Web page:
First responders are regularly confronted with exposure to traumatic events, including potentially life-threatening situations as well as the grave injuries and deaths of colleagues and civilians. Evidence indicates that the prevalence of posttraumatic stress disorder (PTSD) is substantially higher among first responders than the general population. This article provides information about the outpatient trauma services at McLean Hospital’s LEADER (Law Enforcement, Active Duty, Emergency Responder) program to assist clinicians who encounter these first responders in their practices or who are specifically interested in working with this patient population. We begin by synthesizing the literature on the prevalence of PTSD in first responders following work-related exposure to traumatic stress, and by addressing the occupation-specific risk factors and the third-variable risk factors that may contribute to potentiated risk. We then discuss assessment strategies and treatment options used in our program, which is tailored for individuals who are dealing with mental health issues stemming from occupation-specific traumatic-stress exposure. We also address the unique challenges of treating traumatized first responders with more complex issues such as traumatic stress exposure across the lifespan and safety issues, including acute suicidality. We conclude by discussing notable gaps in the literature, including the need to investigate why and how women present with different PTSD symptoms than men and how these differences need to be taken into account in determining appropriate treatment for women.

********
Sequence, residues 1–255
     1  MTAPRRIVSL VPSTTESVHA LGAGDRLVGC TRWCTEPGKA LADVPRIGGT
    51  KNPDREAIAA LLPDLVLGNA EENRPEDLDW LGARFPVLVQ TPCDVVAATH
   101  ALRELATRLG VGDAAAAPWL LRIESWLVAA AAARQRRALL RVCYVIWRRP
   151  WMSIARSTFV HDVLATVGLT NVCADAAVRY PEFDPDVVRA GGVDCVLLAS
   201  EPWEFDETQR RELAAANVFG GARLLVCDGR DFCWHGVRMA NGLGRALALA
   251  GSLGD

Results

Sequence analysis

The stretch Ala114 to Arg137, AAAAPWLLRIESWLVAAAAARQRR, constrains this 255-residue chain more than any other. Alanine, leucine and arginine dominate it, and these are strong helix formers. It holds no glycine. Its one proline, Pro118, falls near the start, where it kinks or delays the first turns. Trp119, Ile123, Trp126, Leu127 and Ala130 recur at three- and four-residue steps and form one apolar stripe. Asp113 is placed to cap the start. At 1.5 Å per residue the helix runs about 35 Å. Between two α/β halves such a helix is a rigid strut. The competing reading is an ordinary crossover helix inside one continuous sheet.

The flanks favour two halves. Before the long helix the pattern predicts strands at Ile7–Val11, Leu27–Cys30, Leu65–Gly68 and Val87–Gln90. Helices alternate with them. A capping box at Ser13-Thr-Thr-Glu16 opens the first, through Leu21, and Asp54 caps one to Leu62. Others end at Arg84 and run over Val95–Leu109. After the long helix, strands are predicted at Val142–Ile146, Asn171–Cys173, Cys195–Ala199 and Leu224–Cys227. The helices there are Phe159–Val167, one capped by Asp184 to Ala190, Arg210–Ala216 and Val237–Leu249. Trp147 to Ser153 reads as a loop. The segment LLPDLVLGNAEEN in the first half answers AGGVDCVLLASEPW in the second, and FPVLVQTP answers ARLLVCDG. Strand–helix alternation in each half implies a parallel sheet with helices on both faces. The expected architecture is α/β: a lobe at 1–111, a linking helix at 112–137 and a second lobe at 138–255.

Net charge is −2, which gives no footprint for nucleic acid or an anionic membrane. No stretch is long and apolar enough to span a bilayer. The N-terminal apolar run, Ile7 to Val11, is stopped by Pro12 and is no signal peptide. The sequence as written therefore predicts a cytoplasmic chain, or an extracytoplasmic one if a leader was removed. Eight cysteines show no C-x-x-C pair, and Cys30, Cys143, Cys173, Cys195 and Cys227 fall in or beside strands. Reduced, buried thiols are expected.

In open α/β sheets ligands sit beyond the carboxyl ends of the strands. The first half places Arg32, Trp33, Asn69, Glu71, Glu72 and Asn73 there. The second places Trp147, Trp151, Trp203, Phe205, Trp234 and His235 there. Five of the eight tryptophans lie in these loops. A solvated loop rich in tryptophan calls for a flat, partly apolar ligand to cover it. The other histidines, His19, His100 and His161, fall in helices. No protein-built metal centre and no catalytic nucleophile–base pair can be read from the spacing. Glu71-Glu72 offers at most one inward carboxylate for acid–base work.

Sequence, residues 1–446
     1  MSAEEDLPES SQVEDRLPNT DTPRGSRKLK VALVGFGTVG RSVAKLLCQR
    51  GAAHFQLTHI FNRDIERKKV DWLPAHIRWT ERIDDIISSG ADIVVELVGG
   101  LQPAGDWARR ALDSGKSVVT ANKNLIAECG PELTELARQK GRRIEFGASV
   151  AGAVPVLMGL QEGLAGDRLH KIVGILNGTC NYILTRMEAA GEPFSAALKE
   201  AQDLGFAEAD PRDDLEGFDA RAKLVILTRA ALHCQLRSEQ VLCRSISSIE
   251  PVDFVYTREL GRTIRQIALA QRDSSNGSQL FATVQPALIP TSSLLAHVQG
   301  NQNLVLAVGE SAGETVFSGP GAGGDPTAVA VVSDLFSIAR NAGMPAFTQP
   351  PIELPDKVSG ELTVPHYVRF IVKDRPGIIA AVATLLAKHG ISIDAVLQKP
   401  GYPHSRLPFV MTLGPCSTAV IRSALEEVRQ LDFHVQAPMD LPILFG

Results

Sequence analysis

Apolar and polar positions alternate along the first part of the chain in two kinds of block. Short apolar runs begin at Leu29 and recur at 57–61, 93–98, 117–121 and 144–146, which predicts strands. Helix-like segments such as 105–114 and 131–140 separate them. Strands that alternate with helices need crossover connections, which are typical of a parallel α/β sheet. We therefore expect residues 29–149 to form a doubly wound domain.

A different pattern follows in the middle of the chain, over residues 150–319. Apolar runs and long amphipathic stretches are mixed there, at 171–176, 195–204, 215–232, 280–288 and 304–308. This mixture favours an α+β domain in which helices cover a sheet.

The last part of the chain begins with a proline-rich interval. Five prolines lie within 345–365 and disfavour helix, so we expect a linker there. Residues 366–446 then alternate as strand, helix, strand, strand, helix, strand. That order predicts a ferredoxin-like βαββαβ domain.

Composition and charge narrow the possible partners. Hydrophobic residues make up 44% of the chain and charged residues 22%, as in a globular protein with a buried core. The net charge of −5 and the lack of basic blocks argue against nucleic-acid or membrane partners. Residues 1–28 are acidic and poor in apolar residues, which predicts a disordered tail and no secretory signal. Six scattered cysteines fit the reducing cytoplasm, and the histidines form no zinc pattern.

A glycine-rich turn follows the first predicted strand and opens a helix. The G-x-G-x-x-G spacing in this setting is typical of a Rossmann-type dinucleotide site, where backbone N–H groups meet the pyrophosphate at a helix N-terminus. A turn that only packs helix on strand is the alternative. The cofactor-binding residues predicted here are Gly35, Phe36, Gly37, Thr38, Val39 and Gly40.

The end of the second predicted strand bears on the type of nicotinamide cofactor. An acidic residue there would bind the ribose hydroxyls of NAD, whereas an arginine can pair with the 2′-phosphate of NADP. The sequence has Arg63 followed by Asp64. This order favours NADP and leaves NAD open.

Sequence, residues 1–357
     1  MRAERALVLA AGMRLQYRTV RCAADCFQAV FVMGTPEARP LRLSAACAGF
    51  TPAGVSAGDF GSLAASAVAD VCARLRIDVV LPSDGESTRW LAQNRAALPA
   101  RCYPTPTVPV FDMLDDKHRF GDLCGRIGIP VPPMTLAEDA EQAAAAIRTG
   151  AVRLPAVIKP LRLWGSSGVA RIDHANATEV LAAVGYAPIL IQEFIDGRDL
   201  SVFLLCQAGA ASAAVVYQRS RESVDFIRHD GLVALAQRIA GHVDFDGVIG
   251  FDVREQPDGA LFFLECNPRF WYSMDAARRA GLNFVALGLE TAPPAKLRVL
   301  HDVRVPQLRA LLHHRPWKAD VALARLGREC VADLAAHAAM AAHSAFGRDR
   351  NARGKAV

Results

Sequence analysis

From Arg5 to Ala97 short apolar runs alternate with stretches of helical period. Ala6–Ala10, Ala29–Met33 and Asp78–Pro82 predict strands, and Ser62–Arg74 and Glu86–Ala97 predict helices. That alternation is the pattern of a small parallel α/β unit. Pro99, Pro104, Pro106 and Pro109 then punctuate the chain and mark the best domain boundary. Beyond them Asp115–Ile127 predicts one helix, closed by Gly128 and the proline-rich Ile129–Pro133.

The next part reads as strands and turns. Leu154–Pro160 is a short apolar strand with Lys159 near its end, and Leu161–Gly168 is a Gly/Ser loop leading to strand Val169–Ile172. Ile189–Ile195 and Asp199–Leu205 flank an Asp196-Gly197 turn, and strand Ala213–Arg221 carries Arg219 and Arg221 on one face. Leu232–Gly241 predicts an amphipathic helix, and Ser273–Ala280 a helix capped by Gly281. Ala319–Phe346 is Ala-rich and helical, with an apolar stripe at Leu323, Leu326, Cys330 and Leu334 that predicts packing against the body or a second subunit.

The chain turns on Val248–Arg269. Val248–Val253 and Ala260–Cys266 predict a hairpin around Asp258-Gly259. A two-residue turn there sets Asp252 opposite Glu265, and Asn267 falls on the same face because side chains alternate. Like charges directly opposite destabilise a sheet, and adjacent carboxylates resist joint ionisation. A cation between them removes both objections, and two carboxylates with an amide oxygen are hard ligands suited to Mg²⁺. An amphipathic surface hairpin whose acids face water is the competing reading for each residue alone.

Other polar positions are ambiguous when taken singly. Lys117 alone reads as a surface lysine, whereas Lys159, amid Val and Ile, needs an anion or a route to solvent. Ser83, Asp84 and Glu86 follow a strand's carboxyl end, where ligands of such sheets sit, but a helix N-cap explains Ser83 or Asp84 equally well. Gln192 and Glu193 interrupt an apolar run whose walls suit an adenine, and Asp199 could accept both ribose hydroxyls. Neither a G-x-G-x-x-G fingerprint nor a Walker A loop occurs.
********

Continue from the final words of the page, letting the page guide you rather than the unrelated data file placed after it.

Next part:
Lewis-Schroeder, Nina F., PhD; Kieran, Kathryn, NP; Murphy, Beth L., MD, PhD; Wolff, Jonathan D., BS; Robinson, Matthew A., PhD; Kaufman, Milissa L., MD, PhD
Harvard Review of Psychiatry: July/August 2018 – Volume 26 – Issue 4 – p 216–227